9_water_properties - PropertiesofWater GS222...

Info icon This preview shows pages 1–12. Sign up to view the full content.

View Full Document Right Arrow Icon
Properties of Water GS222 Lecture 9 – total lecture length 60-65 minutes
Image of page 1

Info iconThis preview has intentionally blurred sections. Sign up to view the full version.

View Full Document Right Arrow Icon
Overview - this lecture Molecular properties of water (hydrogen bonding, polarity) Consequences for oceanography and climate. Why is the ocean salty? Inputs and outputs. Residence time and principle of constant proportions
Image of page 2
Properties of H 2 0 3 key properties 1) polarity - O H H + Covalent bonding (sharing of electrons)  between oxygen and hydrogen Molecule is positively charged on one end,  negatively charged on the other (i.e. polar)
Image of page 3

Info iconThis preview has intentionally blurred sections. Sign up to view the full version.

View Full Document Right Arrow Icon
Properties of H 2 0 3 key properties 2)  hydrogen bonding O H H + Weak bonds (no electron sharing) Due to attraction of the positive and negative  ends of H 2 O - O H H O H H - - + + + + + hydrogen bond covalent bond
Image of page 4
Properties of H 2 0 3 key properties 3) present in all 3 phases in earth’s temperature  range (ice, liquid, and vapor)
Image of page 5

Info iconThis preview has intentionally blurred sections. Sign up to view the full version.

View Full Document Right Arrow Icon
Consequences Water has a very high heat capacity large quantities of heat required to raise  temperature (~4 J to raise 1 g by 1 deg C) heat absorbed by H bonds moderates coastal temperatures Water has a very high latent heat of vaporization massive quantities of heat required to vaporize  liquid water heat absorbed by H bonds key factor in atmospheric heat transport
Image of page 6
Water phases vs. heat energy 1 calorie = 4.2 Joules
Image of page 7

Info iconThis preview has intentionally blurred sections. Sign up to view the full version.

View Full Document Right Arrow Icon
Consequences Water is an extremely good solvent,  aka  “the universal solvent” solvent: liquid that dissolves a  solid an effective solvent due to polarity e.g. NaCl (table salt) dissolves  because:                                     1)  Na +  ion is attracted to negative  end of H 2 0, and         2) Cl -   attracted to positive end of H 2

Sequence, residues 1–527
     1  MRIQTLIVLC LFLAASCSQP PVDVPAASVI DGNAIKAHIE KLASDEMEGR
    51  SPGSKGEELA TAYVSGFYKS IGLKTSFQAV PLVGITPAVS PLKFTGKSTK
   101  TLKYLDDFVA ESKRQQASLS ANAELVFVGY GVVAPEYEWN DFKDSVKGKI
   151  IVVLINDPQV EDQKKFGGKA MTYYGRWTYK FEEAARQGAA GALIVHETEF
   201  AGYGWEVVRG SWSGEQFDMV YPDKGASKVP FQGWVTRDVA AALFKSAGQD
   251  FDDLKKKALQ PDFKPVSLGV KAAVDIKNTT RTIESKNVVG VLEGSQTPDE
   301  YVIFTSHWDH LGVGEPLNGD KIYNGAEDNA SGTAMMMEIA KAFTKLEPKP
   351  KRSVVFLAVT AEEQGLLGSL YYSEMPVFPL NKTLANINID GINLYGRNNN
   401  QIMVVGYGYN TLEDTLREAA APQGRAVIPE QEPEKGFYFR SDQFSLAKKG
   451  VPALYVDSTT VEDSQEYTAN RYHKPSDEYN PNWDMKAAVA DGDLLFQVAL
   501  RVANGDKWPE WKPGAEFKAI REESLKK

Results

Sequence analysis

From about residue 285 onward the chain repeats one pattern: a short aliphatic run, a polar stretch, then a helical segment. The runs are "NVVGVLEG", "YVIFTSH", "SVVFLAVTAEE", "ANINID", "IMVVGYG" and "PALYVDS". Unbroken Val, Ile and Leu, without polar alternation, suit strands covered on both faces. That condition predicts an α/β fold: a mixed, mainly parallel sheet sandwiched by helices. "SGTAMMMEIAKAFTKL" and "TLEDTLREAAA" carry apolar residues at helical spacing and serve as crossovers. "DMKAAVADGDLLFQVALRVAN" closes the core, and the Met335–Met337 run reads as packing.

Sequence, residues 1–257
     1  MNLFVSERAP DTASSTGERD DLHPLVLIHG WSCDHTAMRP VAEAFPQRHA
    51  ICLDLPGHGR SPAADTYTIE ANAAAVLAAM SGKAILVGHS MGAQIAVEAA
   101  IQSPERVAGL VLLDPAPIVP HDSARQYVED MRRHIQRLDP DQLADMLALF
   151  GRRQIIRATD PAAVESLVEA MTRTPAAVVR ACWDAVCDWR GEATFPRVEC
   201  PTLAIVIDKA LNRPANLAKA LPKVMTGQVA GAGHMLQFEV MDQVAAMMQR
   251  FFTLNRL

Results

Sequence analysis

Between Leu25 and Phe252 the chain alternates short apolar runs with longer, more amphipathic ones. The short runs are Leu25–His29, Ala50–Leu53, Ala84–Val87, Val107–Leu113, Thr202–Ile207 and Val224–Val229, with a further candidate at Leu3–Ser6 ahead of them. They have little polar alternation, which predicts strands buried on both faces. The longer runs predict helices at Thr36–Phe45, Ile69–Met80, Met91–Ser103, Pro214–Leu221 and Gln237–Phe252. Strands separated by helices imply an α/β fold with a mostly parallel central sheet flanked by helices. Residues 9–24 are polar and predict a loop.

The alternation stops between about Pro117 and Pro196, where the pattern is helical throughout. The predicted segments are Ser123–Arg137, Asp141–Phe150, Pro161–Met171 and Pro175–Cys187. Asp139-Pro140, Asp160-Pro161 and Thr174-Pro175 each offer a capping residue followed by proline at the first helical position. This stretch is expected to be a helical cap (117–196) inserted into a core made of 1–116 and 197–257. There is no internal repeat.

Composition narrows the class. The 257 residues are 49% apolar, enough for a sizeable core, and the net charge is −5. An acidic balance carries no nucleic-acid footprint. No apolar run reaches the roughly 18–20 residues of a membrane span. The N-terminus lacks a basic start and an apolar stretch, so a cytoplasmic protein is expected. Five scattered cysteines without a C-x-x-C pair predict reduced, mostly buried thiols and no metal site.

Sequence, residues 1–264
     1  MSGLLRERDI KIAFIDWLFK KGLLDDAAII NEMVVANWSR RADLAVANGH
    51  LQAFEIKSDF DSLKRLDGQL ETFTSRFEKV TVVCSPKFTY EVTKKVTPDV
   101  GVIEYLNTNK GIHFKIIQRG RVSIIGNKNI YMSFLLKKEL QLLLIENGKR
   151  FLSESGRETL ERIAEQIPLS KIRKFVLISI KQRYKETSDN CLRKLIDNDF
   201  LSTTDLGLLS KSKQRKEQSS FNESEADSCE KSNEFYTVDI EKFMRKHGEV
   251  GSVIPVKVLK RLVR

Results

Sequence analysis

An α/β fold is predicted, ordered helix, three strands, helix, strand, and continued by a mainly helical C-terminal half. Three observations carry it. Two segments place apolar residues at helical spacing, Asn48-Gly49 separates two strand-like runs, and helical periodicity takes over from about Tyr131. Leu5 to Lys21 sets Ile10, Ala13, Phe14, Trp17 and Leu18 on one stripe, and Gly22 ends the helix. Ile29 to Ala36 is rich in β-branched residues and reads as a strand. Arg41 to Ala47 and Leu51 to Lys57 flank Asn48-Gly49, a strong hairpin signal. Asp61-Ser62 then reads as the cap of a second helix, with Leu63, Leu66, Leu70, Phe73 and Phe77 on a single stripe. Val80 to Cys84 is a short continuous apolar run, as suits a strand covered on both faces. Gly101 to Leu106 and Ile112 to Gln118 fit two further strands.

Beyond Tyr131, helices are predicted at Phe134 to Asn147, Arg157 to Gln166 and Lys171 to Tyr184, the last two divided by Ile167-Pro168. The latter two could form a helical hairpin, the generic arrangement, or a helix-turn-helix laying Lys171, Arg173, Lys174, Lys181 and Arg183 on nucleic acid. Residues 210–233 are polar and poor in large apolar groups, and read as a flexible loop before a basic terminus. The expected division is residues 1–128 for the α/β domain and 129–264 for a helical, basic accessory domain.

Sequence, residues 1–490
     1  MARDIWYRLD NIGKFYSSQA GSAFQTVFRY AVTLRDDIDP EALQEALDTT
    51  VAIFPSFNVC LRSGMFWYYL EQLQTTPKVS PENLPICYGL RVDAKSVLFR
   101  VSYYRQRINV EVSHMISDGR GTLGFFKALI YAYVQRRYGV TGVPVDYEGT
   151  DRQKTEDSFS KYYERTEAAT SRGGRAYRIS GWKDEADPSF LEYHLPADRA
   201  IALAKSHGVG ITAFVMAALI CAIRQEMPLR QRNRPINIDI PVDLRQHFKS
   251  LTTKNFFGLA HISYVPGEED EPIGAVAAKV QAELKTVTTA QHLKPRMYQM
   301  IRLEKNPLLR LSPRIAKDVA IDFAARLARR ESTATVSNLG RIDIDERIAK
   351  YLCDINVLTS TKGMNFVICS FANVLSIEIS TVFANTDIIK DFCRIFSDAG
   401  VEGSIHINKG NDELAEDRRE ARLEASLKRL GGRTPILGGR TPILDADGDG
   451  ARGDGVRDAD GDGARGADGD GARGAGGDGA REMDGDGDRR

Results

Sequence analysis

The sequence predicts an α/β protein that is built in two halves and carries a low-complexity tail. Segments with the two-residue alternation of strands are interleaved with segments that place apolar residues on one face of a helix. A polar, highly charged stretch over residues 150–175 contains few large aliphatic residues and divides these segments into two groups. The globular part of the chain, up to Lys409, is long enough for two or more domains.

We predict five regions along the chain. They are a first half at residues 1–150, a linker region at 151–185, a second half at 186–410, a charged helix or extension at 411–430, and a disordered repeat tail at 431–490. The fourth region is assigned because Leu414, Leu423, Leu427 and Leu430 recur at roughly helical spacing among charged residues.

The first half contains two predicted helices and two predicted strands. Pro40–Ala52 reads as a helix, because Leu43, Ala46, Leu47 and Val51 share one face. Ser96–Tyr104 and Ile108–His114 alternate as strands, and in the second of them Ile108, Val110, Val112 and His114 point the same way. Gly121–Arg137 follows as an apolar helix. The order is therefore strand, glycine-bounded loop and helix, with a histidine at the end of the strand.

Image of page 8
Consequences Water attacks and surrounds or ‘hydrates’ ions Animation: http://chemlinks.beloit.edu/Water/moviepages/Comp3salt.htm
Image of page 9

Info iconThis preview has intentionally blurred sections. Sign up to view the full version.

View Full Document Right Arrow Icon
Consequences Water is an extremely good solvent, aka  “the  universal solvent” once surrounded by H 2 O molecules (i.e.  hydrated), dissolved ions too far apart to attract  one another water is merciless predator of salts, a piranha! - O H H +
Image of page 10
Properties of water summary Property Special Characteristic Importance Heat capacity Higher than that of any solid or liquid other than ammonia.
Image of page 11

Info iconThis preview has intentionally blurred sections. Sign up to view the full version.

View Full Document Right Arrow Icon
Image of page 12
This is the end of the preview. Sign up to access the rest of the document.

{[ snackBarMessage ]}

What students are saying

  • Left Quote Icon

    As a current student on this bumpy collegiate pathway, I stumbled upon Course Hero, where I can find study resources for nearly all my courses, get online help from tutors 24/7, and even share my old projects, papers, and lecture notes with other students.

    Student Picture

    Kiran Temple University Fox School of Business ‘17, Course Hero Intern

  • Left Quote Icon

    I cannot even describe how much Course Hero helped me this summer. It’s truly become something I can always rely on and help me. In the end, I was not only able to survive summer classes, but I was able to thrive thanks to Course Hero.

    Student Picture

    Dana University of Pennsylvania ‘17, Course Hero Intern

  • Left Quote Icon

    The ability to access any university’s resources through Course Hero proved invaluable in my case. I was behind on Tulane coursework and actually used UCLA’s materials to help me move forward and get everything together on time.

    Student Picture

    Jill Tulane University ‘16, Course Hero Intern